Chapter 2: Arrival in Idaho

We reached Kooskia, Idaho June 30th, and I was met by a student named Wells and another named Grupe and some of the forestry officials (Howell and Maxwell).

The trunk was stored at the hotel, and the next day we started walking from Kooskia toward Lowell, where the Selway and the Locksaw [Lochsa] rivers merge. Adolph Weholt was the assistant ranger, in charge of building telephone line from camp #1 to the fork. Camp #1 was 13 miles from Kooskia. In traveling this first stage I attempted to ride Maxwell's cayuse. A cayuse is a devil that looks like a spiritless old plug horse. He is as stubborn as a donkey, and believes in using his head to save his heels. This specimen felt me on his back, and immediately ambled over to a low-hanging limb and scraped me off without even looking around to see my fate. We put a 350-pound pack saddle on him, and I guess he wished he had stuck to my 120 lbs. These cayuses are native horses that can live on anything that grows there, and will dig for grass in the winter; hence their popularity.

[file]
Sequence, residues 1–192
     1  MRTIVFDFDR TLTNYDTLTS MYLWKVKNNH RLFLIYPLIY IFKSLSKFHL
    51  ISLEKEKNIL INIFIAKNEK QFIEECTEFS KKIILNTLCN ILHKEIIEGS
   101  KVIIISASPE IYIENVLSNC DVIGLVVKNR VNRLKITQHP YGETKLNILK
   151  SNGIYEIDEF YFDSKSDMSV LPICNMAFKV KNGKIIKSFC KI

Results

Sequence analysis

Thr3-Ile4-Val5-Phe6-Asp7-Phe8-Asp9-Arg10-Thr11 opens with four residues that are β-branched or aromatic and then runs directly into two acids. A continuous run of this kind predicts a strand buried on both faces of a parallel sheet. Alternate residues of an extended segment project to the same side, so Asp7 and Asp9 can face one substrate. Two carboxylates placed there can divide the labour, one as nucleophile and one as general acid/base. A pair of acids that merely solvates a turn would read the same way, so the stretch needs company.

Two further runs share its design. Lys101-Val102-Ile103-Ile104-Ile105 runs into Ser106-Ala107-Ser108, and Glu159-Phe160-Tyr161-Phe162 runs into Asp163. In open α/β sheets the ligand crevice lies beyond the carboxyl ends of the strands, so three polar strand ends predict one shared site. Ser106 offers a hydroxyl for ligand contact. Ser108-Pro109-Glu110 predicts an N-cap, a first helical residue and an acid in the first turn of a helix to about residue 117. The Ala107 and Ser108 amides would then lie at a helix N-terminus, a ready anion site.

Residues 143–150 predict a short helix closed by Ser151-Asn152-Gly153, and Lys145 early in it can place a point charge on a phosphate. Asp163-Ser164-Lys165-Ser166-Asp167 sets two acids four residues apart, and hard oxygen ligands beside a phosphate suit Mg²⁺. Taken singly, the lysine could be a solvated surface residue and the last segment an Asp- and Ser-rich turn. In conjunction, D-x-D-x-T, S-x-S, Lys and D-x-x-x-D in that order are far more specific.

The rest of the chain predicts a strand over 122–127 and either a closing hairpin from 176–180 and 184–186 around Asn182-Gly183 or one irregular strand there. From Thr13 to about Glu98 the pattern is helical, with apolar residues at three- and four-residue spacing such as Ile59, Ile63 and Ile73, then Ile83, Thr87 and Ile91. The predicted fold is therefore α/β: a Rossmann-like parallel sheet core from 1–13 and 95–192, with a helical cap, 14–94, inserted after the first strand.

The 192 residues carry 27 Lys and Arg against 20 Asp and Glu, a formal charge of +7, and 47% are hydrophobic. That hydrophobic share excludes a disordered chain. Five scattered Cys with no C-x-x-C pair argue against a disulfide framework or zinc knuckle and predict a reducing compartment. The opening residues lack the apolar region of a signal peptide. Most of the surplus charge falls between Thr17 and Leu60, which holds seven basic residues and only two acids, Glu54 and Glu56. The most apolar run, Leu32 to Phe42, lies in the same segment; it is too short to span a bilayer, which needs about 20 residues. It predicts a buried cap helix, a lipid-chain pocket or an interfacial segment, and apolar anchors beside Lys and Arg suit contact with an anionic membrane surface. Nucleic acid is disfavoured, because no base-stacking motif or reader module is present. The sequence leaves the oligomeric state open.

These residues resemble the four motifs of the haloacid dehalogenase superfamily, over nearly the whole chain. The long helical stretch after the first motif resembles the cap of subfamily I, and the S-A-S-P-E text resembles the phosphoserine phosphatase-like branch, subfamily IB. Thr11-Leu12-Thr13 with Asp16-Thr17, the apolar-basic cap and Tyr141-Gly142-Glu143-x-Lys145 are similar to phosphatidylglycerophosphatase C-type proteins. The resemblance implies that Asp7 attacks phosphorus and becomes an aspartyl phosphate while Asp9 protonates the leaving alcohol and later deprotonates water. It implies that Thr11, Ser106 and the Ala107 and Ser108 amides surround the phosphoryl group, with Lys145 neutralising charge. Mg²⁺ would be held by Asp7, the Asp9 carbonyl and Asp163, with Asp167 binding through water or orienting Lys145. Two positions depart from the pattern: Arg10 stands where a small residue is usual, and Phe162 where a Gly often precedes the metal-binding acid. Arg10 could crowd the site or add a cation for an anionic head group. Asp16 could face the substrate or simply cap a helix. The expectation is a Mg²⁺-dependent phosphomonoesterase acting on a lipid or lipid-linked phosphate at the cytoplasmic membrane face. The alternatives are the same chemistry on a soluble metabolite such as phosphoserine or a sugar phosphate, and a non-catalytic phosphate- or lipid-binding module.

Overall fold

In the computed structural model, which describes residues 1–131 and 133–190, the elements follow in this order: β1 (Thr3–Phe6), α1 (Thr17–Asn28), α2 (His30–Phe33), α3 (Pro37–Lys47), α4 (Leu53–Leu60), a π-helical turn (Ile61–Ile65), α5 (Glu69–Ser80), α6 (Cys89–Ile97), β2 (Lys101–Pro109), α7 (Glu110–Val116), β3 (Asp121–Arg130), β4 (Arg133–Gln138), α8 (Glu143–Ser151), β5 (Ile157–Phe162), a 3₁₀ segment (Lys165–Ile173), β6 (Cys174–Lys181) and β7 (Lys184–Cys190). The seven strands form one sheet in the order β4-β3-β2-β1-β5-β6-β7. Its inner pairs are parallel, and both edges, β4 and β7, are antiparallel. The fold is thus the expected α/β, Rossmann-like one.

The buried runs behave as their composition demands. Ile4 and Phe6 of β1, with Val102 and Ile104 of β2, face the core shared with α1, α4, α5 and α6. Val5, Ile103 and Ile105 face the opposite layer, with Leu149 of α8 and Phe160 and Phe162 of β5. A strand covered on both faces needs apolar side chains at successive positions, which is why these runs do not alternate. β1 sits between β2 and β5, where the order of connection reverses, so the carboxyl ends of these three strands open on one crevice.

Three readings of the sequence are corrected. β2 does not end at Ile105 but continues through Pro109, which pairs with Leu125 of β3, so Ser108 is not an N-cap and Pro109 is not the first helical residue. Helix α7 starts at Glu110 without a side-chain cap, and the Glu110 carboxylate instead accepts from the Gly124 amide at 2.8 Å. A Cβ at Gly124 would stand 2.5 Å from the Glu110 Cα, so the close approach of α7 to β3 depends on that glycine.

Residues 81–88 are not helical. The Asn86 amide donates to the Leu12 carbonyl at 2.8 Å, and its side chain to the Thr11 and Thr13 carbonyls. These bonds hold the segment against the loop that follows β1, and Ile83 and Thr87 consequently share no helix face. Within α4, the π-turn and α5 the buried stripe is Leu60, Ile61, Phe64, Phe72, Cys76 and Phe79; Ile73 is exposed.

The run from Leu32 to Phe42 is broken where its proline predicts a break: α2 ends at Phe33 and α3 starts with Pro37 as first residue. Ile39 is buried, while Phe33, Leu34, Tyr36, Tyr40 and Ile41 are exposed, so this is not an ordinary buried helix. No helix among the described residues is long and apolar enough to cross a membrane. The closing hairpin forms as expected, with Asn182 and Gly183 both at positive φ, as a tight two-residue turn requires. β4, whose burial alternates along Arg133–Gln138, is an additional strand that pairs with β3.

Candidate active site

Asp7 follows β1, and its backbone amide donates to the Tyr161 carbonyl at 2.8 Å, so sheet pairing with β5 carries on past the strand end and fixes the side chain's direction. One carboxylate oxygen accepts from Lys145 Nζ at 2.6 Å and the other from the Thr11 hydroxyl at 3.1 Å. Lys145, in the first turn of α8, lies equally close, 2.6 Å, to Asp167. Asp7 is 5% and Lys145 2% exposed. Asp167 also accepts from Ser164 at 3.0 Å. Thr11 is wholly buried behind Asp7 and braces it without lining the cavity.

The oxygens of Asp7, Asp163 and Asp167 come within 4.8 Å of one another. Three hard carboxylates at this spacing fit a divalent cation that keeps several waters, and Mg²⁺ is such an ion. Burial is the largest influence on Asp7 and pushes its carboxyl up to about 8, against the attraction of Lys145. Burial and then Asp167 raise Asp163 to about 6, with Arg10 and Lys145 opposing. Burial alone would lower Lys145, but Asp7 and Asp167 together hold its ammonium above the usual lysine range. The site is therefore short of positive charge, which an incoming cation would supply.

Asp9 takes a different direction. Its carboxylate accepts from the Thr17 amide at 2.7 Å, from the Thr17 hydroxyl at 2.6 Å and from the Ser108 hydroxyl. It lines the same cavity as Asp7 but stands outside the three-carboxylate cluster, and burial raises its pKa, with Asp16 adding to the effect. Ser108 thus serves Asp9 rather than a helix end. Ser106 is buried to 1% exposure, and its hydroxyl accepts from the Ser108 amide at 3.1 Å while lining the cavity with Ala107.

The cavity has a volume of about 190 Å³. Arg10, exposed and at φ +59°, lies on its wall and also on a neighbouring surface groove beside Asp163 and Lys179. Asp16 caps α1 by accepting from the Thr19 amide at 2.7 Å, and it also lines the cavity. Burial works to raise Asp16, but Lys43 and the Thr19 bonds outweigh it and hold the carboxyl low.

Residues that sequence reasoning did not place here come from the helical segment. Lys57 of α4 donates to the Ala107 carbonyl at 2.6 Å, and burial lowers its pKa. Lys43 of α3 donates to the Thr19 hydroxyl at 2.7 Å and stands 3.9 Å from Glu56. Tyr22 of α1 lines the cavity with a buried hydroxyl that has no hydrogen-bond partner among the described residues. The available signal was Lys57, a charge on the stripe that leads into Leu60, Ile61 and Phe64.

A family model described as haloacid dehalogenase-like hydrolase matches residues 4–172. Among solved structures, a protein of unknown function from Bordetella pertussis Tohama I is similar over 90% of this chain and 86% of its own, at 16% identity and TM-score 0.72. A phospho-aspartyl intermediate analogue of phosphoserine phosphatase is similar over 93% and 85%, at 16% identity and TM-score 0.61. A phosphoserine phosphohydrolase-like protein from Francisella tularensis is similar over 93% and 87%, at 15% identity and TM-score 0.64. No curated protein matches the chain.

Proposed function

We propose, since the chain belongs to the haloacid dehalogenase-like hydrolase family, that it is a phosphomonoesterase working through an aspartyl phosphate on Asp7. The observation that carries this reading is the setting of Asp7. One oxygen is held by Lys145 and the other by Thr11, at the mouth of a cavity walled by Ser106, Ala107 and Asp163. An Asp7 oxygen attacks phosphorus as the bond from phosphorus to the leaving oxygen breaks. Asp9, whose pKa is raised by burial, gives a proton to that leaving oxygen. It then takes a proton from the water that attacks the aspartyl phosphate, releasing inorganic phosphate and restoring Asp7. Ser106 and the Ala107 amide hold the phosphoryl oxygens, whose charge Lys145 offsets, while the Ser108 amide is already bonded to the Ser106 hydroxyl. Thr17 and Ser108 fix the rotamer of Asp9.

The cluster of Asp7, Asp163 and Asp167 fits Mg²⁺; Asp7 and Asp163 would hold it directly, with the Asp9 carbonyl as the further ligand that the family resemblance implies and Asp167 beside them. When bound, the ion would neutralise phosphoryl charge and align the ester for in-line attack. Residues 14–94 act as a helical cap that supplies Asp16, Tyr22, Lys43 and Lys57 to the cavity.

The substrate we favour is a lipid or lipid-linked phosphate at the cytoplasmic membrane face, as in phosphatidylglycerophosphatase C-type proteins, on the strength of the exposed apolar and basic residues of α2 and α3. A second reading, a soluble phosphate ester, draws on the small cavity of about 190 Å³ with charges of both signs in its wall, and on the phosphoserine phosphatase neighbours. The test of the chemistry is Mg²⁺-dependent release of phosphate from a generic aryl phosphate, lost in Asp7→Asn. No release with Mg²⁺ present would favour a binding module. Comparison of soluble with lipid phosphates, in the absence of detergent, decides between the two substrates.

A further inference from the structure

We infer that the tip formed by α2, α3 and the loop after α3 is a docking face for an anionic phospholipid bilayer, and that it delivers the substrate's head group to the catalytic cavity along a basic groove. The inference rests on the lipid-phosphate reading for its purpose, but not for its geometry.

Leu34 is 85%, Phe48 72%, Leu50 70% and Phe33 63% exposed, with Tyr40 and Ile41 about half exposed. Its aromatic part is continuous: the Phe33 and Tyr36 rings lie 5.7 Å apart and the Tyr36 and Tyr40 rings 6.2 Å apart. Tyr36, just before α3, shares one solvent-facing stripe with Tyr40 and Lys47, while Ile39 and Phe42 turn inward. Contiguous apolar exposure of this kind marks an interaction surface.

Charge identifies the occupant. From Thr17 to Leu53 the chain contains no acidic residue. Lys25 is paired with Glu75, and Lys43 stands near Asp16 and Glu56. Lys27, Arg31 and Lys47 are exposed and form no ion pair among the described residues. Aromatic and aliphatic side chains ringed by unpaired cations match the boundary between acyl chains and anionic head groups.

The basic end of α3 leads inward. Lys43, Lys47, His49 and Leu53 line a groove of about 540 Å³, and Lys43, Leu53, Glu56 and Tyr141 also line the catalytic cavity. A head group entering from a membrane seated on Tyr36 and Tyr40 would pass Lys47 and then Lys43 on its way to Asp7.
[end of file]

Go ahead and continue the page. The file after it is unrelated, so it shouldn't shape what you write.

Maxwell owned the horses, as he was a patrolman covering many miles. The little mule got homesick and went to Kooskia three times that summer and Maxwell had to ride 150 miles extra on that account. I decided that a horse was too much trouble, and so walked.

After leaving camp #1 we walked a few miles and pitched camp in a drizzling rain. We cut down balsam trees which were about 14" in diameter and made an open work crib to wall the cook tent. We lopped off the wet branches for our beds, and slept on them very comfortably. With this camp as a base we swamped a trail between the trees to string our telephone wire. This we pulled in as straight a course as possible, later raising it up the tree and fastening it with a slip insulator held by a large staple. We used linemen's climbers, knocking off the branches as we climbed. The wire was #3, which is heavy enough to withstand small limbs falling on it. The insulators were made in halves and wired together over the wire thus [sketch]. The line wire, running thru the insulator was thus able to give slack in the event of a tree falling across the line. The photo below [second row, left] shows the camp above described. My tent is on the right.

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